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Can blockchain bring the supply chain into the 21st century?

By Richard Shakespeare, Opus Energy

The supply chain has existed since the industrial revolution, and little has been done to streamline its processes, particularly in the last 50 years. It has also become more than simply moving products from A to B. In today’s industry, supply chains are now more fragmented, complicated and in some cases geographically dispersed. 

The 21st century has enabled more dynamic networks than ever before, with seasonal products facing a higher demand than ever, which are transported further than before. Because of this, the traditional supply chain has become outdated and can be difficult to manage. This is a problem for businesses of any size as their success will often correlate with the success of its supply chain.

So, how can blockchain change this? 

Blockchain is everywhere. It was the buzzword of 2018, and so far, that doesn’t look set to change as we continue through 2019. However, there is still plenty of uncertainty over the technology and the benefits it can bring to different sectors and businesses, including the supply chain – a vital element for numerous organisations.

Originally developed to power bitcoin over ten years ago, blockchain is a surprisingly straightforward concept. In a nutshell, it’s a system that records change and movement of transactions. It’s maintained across several systems that are linked to a peer-to-peer network.

When it comes to the supply chain, blockchain acts as an immutable ledger within a decentralisedlocation. Meaning that any changes in ownership or possession of goods, along with their movements from each end of the supply chain, can be recorded instantly for the greatest possible accuracy, which is essential for businesses.

This increased transparency across the chain can allow for a clear understanding of the value of goods, as well as a more succinct idea of a fair and reasonable cost of each individual product. It also allows for more detailed traceability in goods from across the globe, which gives an insight into the environmental impact of products, as purchasers can follow the entire journey of their orders.

How can it reduce costs? 

Many retail businesses are dependent on global supply chains for transporting their goods via the logistics industry. This market is controlled by freight brokers who can charge a huge mark-up for assisting in the transactions of loads through shippers.

Blockchain can be effective in resolving this issue through the use of smart contracts, which are automatically triggered when a specific action takes place, removing the use of intermediaries, therefore saving money across the chain.

As well as cutting out unnecessary and often expensive admin, the features of blockchain can help improve inventory management, reduce costly data errors and delays, and shorten resolution time when disputes occur. It also allows producers the ability to accurately track capacity and costs, estimate delivery times for multiple routes, and make smarter decisions.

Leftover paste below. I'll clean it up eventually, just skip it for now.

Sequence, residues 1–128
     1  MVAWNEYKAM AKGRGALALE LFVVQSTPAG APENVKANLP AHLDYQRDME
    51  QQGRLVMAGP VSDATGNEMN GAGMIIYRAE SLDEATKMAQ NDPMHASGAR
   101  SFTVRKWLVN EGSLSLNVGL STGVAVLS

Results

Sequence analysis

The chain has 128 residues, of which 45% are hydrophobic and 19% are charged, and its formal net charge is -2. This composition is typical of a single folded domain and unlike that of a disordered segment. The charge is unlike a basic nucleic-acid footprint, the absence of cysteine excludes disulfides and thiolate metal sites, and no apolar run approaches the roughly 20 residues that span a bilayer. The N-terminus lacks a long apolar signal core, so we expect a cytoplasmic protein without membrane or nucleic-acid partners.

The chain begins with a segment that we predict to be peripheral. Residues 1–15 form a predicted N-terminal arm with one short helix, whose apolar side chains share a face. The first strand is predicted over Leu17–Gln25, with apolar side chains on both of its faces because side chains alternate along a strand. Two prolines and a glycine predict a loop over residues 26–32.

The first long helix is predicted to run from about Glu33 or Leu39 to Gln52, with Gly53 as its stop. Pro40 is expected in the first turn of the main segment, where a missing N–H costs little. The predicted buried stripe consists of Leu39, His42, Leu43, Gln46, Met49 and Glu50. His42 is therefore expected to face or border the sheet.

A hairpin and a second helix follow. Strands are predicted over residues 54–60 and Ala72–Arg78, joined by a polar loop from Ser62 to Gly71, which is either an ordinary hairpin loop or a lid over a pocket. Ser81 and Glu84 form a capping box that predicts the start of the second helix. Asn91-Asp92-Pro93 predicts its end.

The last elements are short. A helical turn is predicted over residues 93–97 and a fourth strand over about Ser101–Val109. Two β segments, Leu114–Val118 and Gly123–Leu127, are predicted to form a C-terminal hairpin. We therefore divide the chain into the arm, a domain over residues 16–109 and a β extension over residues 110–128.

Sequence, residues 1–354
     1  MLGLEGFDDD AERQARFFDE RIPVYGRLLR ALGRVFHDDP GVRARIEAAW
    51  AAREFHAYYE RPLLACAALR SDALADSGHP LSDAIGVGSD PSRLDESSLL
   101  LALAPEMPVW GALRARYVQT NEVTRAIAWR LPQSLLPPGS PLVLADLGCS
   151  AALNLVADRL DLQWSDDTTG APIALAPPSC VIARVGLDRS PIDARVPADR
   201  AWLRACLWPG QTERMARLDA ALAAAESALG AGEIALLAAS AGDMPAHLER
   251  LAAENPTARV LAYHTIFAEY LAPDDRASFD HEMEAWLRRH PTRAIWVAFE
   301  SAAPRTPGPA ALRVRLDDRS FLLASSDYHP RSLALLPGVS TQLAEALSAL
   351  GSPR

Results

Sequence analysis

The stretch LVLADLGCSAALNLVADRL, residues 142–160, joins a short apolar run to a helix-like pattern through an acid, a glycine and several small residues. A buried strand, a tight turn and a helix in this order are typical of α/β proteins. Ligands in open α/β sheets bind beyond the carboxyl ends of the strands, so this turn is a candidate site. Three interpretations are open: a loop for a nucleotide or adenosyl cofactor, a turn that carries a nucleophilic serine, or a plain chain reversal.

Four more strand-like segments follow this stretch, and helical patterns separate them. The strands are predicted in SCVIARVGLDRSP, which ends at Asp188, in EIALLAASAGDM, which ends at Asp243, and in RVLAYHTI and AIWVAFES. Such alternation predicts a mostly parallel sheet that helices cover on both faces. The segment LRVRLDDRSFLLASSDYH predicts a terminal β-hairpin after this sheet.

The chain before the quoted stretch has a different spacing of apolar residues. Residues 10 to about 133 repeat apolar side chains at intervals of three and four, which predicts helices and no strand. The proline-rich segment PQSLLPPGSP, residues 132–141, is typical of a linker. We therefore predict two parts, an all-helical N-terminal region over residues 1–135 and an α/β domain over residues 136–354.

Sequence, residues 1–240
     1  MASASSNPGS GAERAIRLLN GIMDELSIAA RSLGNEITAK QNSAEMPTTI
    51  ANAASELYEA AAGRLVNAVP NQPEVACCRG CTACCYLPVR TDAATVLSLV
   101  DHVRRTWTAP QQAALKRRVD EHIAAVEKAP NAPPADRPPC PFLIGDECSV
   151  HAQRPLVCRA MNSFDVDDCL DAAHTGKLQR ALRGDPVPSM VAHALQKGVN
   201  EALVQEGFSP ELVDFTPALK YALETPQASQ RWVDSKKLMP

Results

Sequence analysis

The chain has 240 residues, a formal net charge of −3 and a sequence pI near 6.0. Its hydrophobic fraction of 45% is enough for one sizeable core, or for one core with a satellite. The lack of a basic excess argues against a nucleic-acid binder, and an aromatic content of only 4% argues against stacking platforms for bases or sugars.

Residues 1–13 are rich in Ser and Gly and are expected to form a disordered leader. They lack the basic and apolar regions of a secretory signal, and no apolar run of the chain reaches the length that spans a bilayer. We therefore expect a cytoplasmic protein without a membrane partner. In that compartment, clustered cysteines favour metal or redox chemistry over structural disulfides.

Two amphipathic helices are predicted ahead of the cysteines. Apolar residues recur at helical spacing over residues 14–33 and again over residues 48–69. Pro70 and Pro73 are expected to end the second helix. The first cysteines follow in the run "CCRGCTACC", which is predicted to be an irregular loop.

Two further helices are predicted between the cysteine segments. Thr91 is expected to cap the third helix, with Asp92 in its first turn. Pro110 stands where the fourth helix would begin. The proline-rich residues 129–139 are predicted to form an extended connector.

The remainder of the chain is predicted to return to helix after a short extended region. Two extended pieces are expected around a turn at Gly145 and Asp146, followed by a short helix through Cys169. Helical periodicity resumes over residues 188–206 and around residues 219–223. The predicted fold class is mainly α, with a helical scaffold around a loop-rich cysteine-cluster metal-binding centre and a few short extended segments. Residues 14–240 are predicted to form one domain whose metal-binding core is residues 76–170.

How can it promote tracability? 

Blockchain ensures that the data it records is permanent and easy to share, giving supply chain players more comprehensive track-and-trace capabilities than ever before. The public ledger means it is possible to trace each product to the very origin of the raw material used. Companies can use this information to provide proof of legitimacy and authenticity. It even allows people to see if their purchase has been ethically sourced and if it has been stored in the correct conditions.

By having a clear and concise understanding of exactly where a product has come from, businesses and their customers are able to have a better understanding of the routes taken and transport options used to deliver their goods. In a society that is becoming more environmentally aware, those who can show improvement or have a clear and transparent policy to their own emission production, may be looked on more favourably.

The future? 

Blockchain has the potential to transform the supply chain and disrupt the way we produce, market, purchase and consume goods. The added transparency, traceability and security to the supply chain can go a long way toward making our economies safer and much more reliable, by promoting trust and honesty and preventing the implementation of questionable practices.

Businesses, especially those in retail or those who rely on supply chains, should consider the benefits of blockchain and not be afraid to step into a different world, which on the surface may appear complicated, but in reality, can offer measurable benefits. 

Why crunching data is not the same as making decisions

By Ed Crawford, Product Manager at Atheon Analytics

Many retail businesses feel that they are drowning in data, but also don’t have information in the right format to make it easy to use.

For many individuals in sales or supply-chain roles within the retail sector, much of their job involves downloading, manipulating and formatting data. But is this where the most value to the business lies?